Try Sophie’s idea… highlight period features
Embrace the original detailing in your home to inject character and celebrate its history
Choose a hero hue from your tiles to pick out elsewhere in the scheme
Every house has its own particular charm and this often stems from the original features that link the building to the era in which it was built. In the 1980s and ’90s there was a fad for ripping out these ‘dated’ design elements. Nowadays, we appreciate that these special interior elements make our homes unique, and are keen to preserve them without being a slave to period style. Read on for our best house-history tips.
Floor to ceiling
One of the first places to turn your attention to should be the flooring. Most old houses have beautiful wooden floors, either in regular parallel boards or in a parquet style. You often will find them hidden beneath drab carpet and, once sanded and varnished, they can bring beautiful warmth and character into the room. On bare staircases, add a traditional carpet runner with brass stair rods for a classic and practical design solution.
If your home is blessed with sash, bay or arched windows, don’t drown them with heavy curtains. Instead, install clean-lined Roman blinds to let these architectural features shine. Other design details worth highlighting are ornate ceiling roses, coving and picture rails – and paint placement is key to making the most of these features. Use a pale colour on your ceiling but leave decorative plasterwork and coving bright white. Only paint walls up to the picture rail, and use this feature for its original purpose by hanging artworks and mirrors from it – you find everything you need to do this at UK Picture Framing Supplies.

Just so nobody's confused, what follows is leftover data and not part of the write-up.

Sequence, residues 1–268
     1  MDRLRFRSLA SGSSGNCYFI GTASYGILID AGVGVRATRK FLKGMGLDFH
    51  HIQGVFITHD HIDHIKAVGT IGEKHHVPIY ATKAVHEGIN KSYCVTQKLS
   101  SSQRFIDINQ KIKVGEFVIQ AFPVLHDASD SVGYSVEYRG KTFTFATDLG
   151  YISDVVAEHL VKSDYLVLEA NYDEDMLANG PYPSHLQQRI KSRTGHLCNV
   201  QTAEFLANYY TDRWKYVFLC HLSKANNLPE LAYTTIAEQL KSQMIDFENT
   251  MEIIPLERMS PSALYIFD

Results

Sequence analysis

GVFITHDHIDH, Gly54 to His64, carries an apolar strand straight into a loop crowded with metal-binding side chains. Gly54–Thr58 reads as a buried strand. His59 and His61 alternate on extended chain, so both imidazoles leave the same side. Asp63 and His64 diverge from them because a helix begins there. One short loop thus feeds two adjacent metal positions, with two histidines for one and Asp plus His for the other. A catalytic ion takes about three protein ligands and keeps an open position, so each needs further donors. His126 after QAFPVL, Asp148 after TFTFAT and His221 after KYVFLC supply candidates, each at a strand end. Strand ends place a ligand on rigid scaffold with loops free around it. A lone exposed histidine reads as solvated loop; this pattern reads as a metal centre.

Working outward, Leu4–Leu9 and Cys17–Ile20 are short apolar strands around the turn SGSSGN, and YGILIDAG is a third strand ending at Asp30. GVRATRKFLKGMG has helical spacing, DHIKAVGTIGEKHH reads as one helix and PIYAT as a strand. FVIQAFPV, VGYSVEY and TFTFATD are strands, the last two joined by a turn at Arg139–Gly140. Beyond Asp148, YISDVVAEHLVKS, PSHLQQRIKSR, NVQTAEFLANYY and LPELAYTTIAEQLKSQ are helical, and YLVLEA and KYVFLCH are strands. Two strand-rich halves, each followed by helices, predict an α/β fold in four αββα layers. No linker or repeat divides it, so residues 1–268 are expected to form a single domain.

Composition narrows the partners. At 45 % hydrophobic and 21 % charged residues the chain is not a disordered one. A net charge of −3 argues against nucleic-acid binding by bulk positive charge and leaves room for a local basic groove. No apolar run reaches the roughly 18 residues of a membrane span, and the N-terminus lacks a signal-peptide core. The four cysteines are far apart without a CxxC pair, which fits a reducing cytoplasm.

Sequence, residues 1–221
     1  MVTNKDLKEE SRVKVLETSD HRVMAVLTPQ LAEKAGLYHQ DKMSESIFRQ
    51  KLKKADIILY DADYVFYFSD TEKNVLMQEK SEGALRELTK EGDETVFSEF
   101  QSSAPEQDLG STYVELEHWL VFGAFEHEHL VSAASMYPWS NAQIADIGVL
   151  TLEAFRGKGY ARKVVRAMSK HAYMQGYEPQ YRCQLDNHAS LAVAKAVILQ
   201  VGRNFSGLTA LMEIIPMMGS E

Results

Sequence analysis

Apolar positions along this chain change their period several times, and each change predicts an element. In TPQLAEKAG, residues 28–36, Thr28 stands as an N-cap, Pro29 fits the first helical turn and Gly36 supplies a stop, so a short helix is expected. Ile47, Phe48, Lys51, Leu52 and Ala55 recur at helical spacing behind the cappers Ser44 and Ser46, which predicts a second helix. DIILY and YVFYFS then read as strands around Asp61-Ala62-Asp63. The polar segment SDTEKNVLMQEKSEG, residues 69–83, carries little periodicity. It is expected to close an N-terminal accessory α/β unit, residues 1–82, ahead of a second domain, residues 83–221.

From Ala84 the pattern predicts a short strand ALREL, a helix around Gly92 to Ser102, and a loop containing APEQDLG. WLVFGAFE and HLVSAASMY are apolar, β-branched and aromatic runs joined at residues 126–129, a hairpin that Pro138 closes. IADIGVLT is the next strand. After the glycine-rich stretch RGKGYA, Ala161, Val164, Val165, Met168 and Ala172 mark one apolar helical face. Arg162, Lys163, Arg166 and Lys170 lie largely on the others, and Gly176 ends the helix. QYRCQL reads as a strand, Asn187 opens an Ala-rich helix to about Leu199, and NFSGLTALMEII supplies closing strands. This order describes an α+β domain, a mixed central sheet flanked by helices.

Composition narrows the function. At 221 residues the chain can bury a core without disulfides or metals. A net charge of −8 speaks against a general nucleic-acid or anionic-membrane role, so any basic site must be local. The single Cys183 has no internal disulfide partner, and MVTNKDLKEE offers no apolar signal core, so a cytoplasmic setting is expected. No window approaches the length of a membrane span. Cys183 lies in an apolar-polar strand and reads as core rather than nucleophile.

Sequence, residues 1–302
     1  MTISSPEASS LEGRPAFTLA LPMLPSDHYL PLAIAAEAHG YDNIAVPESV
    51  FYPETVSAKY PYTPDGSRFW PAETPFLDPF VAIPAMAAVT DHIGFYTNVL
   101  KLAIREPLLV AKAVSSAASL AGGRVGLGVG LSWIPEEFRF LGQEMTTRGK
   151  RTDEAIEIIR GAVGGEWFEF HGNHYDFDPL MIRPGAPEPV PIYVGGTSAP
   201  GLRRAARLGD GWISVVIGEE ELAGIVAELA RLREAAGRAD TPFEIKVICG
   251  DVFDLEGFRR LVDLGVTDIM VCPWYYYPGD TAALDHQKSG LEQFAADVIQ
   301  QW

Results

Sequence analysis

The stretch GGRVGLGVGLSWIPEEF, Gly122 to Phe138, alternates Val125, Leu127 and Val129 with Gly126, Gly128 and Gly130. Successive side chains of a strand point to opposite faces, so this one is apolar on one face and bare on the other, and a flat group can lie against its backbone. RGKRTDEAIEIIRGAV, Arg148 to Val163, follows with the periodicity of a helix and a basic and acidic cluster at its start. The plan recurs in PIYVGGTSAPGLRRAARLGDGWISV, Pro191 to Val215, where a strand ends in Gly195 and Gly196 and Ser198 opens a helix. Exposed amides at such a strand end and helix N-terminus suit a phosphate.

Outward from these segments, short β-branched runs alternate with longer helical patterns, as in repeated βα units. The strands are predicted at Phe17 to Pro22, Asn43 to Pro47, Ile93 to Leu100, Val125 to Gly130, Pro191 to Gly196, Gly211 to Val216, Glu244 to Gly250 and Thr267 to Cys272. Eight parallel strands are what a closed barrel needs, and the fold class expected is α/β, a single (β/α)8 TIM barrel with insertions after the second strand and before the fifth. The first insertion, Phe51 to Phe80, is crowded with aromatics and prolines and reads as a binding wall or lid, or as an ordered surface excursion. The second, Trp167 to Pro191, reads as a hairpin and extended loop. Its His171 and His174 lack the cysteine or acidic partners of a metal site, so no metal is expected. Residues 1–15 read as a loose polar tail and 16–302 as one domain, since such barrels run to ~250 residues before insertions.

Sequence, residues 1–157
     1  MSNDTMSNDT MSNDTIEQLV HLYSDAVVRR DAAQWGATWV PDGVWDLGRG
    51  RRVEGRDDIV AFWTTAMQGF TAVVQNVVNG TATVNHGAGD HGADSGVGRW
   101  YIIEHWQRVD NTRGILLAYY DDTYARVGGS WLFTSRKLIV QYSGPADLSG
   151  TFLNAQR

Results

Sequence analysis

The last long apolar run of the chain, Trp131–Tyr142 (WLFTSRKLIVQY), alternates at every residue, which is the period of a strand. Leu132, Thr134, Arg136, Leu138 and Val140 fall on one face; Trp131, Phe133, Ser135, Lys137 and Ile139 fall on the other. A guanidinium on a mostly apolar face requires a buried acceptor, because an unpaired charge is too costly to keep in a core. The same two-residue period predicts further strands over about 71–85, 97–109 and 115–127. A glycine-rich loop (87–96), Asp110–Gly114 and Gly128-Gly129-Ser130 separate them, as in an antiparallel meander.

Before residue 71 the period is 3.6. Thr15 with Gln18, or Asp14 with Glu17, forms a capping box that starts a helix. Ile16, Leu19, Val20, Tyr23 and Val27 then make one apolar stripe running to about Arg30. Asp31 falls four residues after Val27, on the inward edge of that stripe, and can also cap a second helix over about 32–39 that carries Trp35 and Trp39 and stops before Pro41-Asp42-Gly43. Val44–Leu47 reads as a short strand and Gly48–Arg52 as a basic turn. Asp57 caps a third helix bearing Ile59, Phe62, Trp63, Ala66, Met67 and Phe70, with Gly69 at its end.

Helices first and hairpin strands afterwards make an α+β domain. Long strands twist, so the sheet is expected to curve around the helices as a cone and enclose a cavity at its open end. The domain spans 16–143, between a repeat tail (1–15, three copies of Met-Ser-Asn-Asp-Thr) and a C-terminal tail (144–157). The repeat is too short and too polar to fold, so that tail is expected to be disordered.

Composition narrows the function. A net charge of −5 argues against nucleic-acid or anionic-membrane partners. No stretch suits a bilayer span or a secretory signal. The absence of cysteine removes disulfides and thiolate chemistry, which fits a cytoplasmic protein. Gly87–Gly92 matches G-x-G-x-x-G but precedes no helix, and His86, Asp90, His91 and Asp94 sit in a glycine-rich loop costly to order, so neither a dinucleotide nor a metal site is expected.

Colour and pattern
If you’re lucky enough to have been left with a period fireplace and its original tiled surround, then allow it to inspire your scheme, like in Sophie’s dining area. Pick a wallpaper design that contains the main tile colour as a highlight and use it to fill the alcoves either side of the chimney breast.
Consider choosing patterns from the era of your home, but don’t feel limited to this idea. Toile de Jouy was popular during the Georgian period but would look equally at home in properties built up until the early 20th century. To help with paint colours,
many companies such as little Greene now have ranges based on different periods and are a great place to find inspiration.
Old and new
If you aren’t too strict about keeping to an exact era, accessorising your home in period style can be fun – and thrifty. Delve through junk shops and scour ebay for bargains. Keep an eye out for old bevellededge mirrors and wooden tables and chairs with decorative turned legs.
Hide modern panel radiators with ornate covers to echo the style of your scheme, or install new Victorian-style column radiators in a late 19th-century property (companies such as the Cast Iron Radiator Centre supply these in a range of sizes).
visit a national trust property that dates from a similar era to your home for some historical inspiration